Editor’s Note: This month, a novice originator seeks guidance on increasing his customer base and earning his first paycheck. Our contributors are Vicky Frontiere of United Capital Mortgage and Michael Brown of Atlantic National Mortgage.
I’m a junior loan officer who has having difficulty getting customers. I have
gone to open houses, mailed fliers, and handed out my cards to everyone
I meet. How long does it normally take for someone to get their first
paycheck? I’m trying to be patient.
VICKY FRONTIERE is a loan originator with United Capital Mortgage, Las Vegas, Nev.,
I am relatively new to this business myself, and I know it can seem almost impossible to get going. I have a strong belief in just showing up every day and learning all you can about your field prepares you for when the phone does start to ring, and it will happen if you just stick to it. It took me two months to get my first paycheck, but I’m sure it differs for everyone. Working for straight commission can be a scary thing but having no limit to.
How much I can actually generate each month is the exciting part.
In our office, we have “floor-time.” Three days a month it’s my turn to simply receive any calls that come into the office. It is a great way to get business, and I constantly tell the receptionist that I am available in case the loan officer whose turn it is doesn’t show up.
I have tried all the different things you have, like going to open houses, mailing fliers, and constantly handing out my cards. All are good ways of bringing in business. However, finding Realtors who will do business with you is the one key to getting a flow of constant business, and getting those big paychecks. There are thousands of Realtors out there and four or five is all you need. I know it can be difficult walking into real estate offices. Most have preferred lenders and getting past the receptionist seems next to impossible, so start out with some of the smaller offices that seem much more appreciative when you walk in carrying a box of doughnuts.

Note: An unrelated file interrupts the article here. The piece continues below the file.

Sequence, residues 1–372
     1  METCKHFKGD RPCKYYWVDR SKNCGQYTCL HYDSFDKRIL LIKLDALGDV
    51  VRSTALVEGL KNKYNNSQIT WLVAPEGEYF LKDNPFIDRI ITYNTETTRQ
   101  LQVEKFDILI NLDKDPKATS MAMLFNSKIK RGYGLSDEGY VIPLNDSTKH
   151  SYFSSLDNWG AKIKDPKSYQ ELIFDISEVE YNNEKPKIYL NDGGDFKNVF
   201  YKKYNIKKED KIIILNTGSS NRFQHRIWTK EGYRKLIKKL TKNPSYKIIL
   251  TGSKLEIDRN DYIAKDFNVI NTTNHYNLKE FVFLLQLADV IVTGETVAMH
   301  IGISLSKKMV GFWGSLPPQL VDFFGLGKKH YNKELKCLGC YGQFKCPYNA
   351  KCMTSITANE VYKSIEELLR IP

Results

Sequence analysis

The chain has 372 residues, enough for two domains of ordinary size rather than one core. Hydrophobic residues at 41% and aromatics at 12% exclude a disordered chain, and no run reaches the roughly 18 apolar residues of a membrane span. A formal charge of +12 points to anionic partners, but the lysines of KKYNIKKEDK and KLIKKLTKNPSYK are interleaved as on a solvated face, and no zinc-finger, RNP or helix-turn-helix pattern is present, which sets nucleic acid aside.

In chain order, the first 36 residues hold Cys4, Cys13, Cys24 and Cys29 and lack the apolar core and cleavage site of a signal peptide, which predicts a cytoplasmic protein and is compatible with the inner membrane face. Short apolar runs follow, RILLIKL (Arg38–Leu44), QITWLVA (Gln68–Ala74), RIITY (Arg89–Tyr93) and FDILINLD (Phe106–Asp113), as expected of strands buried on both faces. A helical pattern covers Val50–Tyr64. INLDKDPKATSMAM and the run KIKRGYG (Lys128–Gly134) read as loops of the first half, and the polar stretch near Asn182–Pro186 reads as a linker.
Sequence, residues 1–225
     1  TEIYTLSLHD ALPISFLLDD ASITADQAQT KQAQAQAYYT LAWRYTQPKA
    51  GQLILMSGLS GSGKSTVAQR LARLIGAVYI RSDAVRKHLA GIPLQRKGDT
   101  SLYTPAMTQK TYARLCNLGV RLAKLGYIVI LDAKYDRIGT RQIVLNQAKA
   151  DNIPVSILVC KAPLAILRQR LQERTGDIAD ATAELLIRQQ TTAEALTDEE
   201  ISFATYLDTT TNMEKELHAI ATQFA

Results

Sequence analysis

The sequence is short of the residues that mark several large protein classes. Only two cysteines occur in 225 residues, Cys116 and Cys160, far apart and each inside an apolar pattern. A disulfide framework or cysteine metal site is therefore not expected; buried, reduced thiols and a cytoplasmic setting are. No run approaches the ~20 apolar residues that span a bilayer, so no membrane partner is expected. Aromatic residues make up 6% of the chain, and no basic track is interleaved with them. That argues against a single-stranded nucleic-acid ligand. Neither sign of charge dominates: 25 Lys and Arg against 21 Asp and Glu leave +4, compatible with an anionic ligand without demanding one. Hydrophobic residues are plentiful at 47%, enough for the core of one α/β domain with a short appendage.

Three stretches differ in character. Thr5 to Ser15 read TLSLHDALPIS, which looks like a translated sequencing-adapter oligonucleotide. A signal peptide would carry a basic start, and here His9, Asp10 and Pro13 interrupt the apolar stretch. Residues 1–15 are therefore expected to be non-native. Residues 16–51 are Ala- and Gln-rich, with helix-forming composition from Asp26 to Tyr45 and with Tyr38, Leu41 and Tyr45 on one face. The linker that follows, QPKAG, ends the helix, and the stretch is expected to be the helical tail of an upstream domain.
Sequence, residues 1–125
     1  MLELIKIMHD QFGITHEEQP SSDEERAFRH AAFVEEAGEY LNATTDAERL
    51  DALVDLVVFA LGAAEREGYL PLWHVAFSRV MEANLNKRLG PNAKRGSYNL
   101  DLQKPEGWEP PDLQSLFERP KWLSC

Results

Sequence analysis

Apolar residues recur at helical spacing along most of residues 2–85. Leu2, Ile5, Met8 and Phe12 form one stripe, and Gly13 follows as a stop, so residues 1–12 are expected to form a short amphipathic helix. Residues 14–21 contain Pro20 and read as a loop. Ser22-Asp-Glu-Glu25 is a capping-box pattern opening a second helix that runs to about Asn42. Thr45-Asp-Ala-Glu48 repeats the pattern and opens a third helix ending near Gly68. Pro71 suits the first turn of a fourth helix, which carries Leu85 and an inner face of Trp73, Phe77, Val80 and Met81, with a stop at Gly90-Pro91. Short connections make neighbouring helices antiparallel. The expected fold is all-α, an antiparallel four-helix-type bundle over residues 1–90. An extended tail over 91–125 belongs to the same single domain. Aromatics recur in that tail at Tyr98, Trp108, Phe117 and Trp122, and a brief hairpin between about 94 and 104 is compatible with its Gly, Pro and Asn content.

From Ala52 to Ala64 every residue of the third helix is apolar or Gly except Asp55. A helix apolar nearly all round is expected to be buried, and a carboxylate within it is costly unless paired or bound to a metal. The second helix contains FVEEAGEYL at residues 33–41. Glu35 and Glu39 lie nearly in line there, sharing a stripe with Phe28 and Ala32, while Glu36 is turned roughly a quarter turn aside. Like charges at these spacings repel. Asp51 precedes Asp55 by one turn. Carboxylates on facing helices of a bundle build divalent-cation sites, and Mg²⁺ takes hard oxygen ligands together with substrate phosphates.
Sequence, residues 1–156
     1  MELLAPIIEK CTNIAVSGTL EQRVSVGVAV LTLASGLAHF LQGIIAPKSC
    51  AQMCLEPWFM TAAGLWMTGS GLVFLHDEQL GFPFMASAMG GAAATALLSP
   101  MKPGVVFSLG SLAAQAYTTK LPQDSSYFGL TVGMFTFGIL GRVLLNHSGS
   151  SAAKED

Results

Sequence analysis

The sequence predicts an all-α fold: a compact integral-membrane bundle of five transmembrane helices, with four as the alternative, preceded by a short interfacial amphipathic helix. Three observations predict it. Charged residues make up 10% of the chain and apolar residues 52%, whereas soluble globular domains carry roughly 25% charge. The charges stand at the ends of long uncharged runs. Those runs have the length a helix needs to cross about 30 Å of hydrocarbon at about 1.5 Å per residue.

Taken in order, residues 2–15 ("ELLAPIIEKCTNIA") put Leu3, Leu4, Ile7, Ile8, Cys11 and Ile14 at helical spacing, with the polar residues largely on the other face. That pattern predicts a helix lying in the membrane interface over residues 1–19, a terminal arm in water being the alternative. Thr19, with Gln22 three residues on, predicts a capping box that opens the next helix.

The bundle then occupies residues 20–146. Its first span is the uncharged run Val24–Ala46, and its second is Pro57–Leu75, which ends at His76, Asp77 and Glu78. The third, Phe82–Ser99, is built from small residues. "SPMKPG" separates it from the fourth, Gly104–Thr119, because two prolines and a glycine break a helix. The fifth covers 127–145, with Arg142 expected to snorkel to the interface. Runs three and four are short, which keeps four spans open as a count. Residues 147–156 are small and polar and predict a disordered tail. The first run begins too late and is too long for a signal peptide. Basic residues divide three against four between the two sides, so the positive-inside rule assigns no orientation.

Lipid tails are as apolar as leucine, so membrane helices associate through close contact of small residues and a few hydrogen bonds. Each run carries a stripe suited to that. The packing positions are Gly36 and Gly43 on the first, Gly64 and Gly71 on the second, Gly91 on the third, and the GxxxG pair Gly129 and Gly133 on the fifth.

Make sure you let the agents know you are available by cell phone on weekends to pre-qualify their buyers. Realtors appreciate that since they advertise in the newspaper and get calls to show property most weekends. They want to know from a lender that the buyers do have some chance of receiving a loan before they waste their time. When I would find a Realtor who would talk to me, I would offer to split some advertising costs with them. This not only impresses the agent that you are serious about getting business, but shows other agents where to find you.
When my first loan was approved, I took the time to call the selling agent and relay the good news so she could tell her clients. That alone was an impressive move since it is not common to put anyone on the selling side in the loop. She ended up becoming my second Realtor because of that one phone call. When the final docs were drawn I brought them to the title company and stayed for the closing. I learned a lot just being there and it really impressed my clients.
I have a quarterly newsletter that I send to past clients and Realtors that seems to generate more business. Last year I even purchased a billboard for myself that has brought my name and face out to people daily.
When I finally got my first loan, I spent a lot of time with the processing department and learned all I could about processing and what I might have done wrong during the loan application. The loan officer puts the loan in motion, and if mistakes are made on the front end, the loan can go from bad to worse.
Knowledge is power—I can’t stress that enough. Every day I tried to learn more about the loan programs my company had to offer. I spent time with our underwriters and our closing department. Being a successful loan officer does not mean simply being able to bring in business. You have to know what to do with it once you get it and how to change directions if the loan is not meeting all criteria for a certain program. All this of course, while smiling to the client and appearing to be in total control.